• Photographers James and Karla Murray share the story behind the mom-and-pop businesses featured on their Lower East Side art installation. [NYT]

 

Daily Link Fix

Photo via CitiBike (L); Photo: Goodwill NYNJ (R)

  • The NYPL’s new Culture Pass, a program that gives library card holders free access to 30+ museums, had more than 2,000 applications on its first day (and crashed the site!). [amNY]
  • Dentures, trumpets, prosthetic limbs–a rare look inside the subway’s lost and found. [Vice]
  • Discounted Citi Bike memberships were previously only available to NYCHA residents, but now New Yorkers who receive Supplemental Nutrition Assistance Program (SNAP) will be eligible as well, paying $5/month instead of $15. [Office of the Mayor]
  • In an attempt to challenge Amazon, FreshDirect is opening a huge new South Bronx warehouse that will allow it to double its business. [Bloomberg]
  • Goodwill’s plan to attract young, trendy shoppers starts with a “curated” boutique on the Upper West Side. [Racked]
  • A 150-year-old pipe organ in St. Patrick’s Old Cathedral may fall silent. [VOA News]

Daily Link Fix

Jump dockless ebike

Photo via Jump Bike Company (L); via Collective Retreats (R)

  • As the NYC Ferry hits five million passengers since its launch last year, the first larger, 350-seat boat has arrived in New York Harbor. [NYC Ferry]
  • NYC’s first-ever dockless bicycles arrived today on the Rockaways as part of a city-wide pilot program. [Office of the Mayor]
  • S’mores around a fire, 1,500 thread-count sheets, and the island to yourself–here’s what it’s like to spend $650/night glamping on Governors Island. [amNY]
  • Norman Foster will design pro-bono a new boathouse for Harlem nonprofit Row New York. Designs are expected to be revealed this fall. [Art Daily]
  • Union Square’s famed Coffee Shop, known for its model staff and “Sex and the City” cameos, will close after 28 years due to rising costs. [NYP]
  • How the Alexandria Ocasio-Cortez campaign got its powerful design. [Fast Co.]
  • At $1,500, Midtown’s Baccarat Hotel is serving the country’s most expensive ice cream. [CNBC]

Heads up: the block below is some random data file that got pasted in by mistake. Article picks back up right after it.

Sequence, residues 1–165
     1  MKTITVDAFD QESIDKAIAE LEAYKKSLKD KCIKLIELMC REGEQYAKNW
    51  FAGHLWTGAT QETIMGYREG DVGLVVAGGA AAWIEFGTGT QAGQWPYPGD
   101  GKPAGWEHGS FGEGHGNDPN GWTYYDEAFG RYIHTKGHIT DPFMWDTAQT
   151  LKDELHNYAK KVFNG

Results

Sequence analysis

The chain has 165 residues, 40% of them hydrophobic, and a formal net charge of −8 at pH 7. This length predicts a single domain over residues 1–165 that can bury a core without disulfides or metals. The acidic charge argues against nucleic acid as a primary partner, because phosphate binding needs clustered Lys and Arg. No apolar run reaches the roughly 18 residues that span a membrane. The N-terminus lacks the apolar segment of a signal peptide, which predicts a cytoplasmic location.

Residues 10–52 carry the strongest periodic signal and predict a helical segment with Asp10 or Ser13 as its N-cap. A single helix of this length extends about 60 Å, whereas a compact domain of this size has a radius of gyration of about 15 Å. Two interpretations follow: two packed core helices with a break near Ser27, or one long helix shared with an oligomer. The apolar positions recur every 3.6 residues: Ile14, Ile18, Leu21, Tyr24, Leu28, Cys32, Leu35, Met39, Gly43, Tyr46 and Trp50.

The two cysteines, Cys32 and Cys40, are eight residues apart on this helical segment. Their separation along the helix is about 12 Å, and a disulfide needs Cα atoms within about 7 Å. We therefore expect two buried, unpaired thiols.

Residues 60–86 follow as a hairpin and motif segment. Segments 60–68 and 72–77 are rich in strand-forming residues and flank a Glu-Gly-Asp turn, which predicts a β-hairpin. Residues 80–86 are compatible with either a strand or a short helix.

Daily Link Fix

Via Jet.com (L); Bruce Springsteen via Wiki Commons and 39 Institute Street via Coldwell Banker (R)

  • How the saga of Trump City foreshadowed the president’s chaotic path to the White House. [Politico]
  • Jet.com, a subsidiary of Walmart, will build a fulfillment center in the Bronx, from which it’ll offer same-day grocery delivery. [Business Insider]
  • Bruce Springsteen’s childhood home in Freehold, NJ sold for $255,000. [APP]
  • LinkNYC kiosks will display unrealized projects from “Never Built New York.” [Curbed]
  • Brooklyn’s only Papaya King has closed. [Grub Street]
  • This Google engineer commutes every day from his North Jersey home to Chelsea office via rowboat. [NYP]
  • Was the Long Island Iced Tea invented in Long Island, NY or Long Island, Tennessee? [MEL Magazine]

Daily Link Fix

Nathan’s hot dog eating contest via Michael Tapp/Flickr (L); NYC flood zone map (R)

  • This Sunday, go on a free tour of the Little Red Light House in Washington Heights, Manhattan’s only remaining lighthouse. [NYC Parks]
  • After a counting error with Joey Chestnut this year, the Nathan’s hot dog eating contest is considering using technology to monitor plate weights. [ESPN]
  • After a July 1st fire, FiDi’s Dead Rabbit, voted the world’s best bar, said it was closed indefinitely, but it will now reopen on the 19th. [Metro]
  • 12.4 percent of new residential units in NYC are being built in high-risk flood zones, up from 10.7 percent in 2014. [NYT]
  • Developer Two Trees says famed Bushwick pizza restaurant Roberta’s will open a second location at their Domino Sugar development in Williamsburg. [Eater]

Daily Link Fix

NYC affordable housing

Via Wiki Commons (L); Via Pixabay (R)

  • Twenty years ago, Grand Central underwent a massive restoration. See what it looked like before. [Untapped Cities]
  • NYCHA needs $32B over the next five years to address unmet capital repairs, including mold and lead paint exposure, with $25B needed within one year. [Politico]
  • Thinking of setting off some fireworks on Wednesday? Read this first. [Metro]
  • Meet 26-year-old Haley Dragoo, the woman behind the MTA’s website and twitter alerts (don’t hate the messenger!). [NYT]
  • One Manhattan West’s concrete cour topped out last week at 900+ feet. Hear from the contractor about how this particular method of construction works. [CityRealty]
  • FiDi bar the Dead Rabbit, voted the “world’s best bar,” is closed indefinitely after a fire. [NBC]
  • The Horticultural Society of New York has opened the city’s first public greenhouse at Denny Farrell Riverbank State Park in Hamilton Heights. [Edible Manhattan]